02 Aug 2022
Medicines Safety Improvement: Opioids
As part of the Patient Safety Collaboratives 2022/23 commission Madeeha Malak, Affiliate Clinical Lead Pharmacist, Health Innovation Manchester has written a blog focussing on the Medicines Safety Improvement Programme and its alignment to the priorities of NHS Greater Manchester and the Integrating Pharmacy and Medicines Optimisation (IPMO) Committee.
In this blog, Madeeha reflects on the recent programme system engagement session and the progress in working with system partners in an aligned way to deliver improvements for the management ofnon-cancer-related chronic pain and reduce harm from opioid prescribing.
Opioids are a highly effective class of analgesics (medicines designed to relieve pain) and, when used judiciously, are of great benefit to many people living with pain. However, in the case of ‘chronic non-cancer pain’, when the source of long-term pain does not have a cause that can be treated, opioids can do more harm than good, particularly when used at higher doses.
Within Greater Manchester there are more patients per 1,000 population not only receiving opioid pain medication (19.71 GM, compared to 17.43 national average) but also for patients who receive opioids for longer than six months (16.22 GM, compared to 13.72 national average).
There is limited evidence of long-term improvements achieved from opioid use in quality of life or pain relief experienced. However, there is abundant evidence that demonstrates the harms that opioids can cause including: an excessive pain response; impaired immunity; increased risk of falls; constipation; erectile dysfunction; and death. Through the 15 Patient Safety Collaboratives across England the national commission aspires to support:
- 30,000 fewer people being prescribed oral or transdermal opioids for more than 3 months
- Of those 30,000; 4,500 people receiving high-dose opioids (high-dose is greater than or equivalent to 120mg oral morphine equivalent)
At the system engagement session held in June we were fortunate to hear from Lisa who has lived with chronic pain for over 20 years. Lisa’s experiences, personally and as a support worker, highlighted that non-pharmacological interventions are pivotal to improving quality of life for people living with pain.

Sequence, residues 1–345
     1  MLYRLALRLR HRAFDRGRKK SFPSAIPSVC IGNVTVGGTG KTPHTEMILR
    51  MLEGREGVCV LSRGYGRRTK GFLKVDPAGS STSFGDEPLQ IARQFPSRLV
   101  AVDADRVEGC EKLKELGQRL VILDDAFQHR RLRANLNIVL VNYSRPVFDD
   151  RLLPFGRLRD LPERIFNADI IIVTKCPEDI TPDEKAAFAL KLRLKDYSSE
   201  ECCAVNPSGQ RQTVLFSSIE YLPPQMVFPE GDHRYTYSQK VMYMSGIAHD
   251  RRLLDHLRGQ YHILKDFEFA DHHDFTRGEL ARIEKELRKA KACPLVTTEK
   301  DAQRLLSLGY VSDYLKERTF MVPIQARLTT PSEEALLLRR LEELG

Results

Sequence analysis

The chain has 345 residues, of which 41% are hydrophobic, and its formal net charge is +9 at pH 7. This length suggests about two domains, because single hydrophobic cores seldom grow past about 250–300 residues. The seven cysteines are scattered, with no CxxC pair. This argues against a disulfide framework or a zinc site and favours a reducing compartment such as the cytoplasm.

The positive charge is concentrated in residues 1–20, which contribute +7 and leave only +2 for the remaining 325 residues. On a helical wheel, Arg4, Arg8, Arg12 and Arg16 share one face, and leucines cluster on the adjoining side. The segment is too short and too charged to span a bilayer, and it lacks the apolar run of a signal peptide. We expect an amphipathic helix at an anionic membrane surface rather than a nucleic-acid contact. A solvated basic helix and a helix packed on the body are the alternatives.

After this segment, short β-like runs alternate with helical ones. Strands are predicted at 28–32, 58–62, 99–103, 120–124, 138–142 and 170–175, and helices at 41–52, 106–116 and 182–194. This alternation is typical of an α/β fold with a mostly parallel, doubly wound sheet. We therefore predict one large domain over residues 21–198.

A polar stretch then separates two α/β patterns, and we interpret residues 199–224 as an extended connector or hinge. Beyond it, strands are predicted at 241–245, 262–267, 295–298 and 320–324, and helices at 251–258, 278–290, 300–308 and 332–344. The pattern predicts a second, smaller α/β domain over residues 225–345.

Having Lisa’s experiences at the fore of the meeting supported our health and social care clinical and professional leaders and academic partners discuss the approaches to the commission through the lens of the patient.
The work undertaken by medicines optimisation leads and their supporting teams across the ten localities within Greater Manchester demonstrates the scale of involvement health and care professionals have in managing opioid prescribing and deprescribing, from secondary care initiated treatment post-surgery, primary care medication reviews and social prescribing offers that support social connectivity and manageable activities.
This year’s commission is being delivered in a truly aligned way with the needs of the system and demonstrates the power of collaboration between the different groups working within the system on reducing harm from opioid prescribing. Working closely with the IPMO to develop and deliver the system engagement session, Claire Vaughan, Head of Medicines Optimisation (Salford) made the call to action for the system and as chair of the IPMO Medicines Safety Group has helped shape the focus of the PSC work into the non-pharmacological support for people being deprescribed opioids and post-operative prescribing of opioids and transfers of care to primary care.
The project team and I will look forward to working with the system directly on these areas and as one of the 15 PSCs in England ensuring the great work being undertaken in Greater Manchester and the ten component places system-level are shared within the network and to NHS England.
For more information about the Medicines Safety Improvement Programme within Greater Manchester’s Patient Safety Collaborative please click here or contact email@example.com, Programme Development Lead.
Hear about Lisa’s personal journey with pain & medication: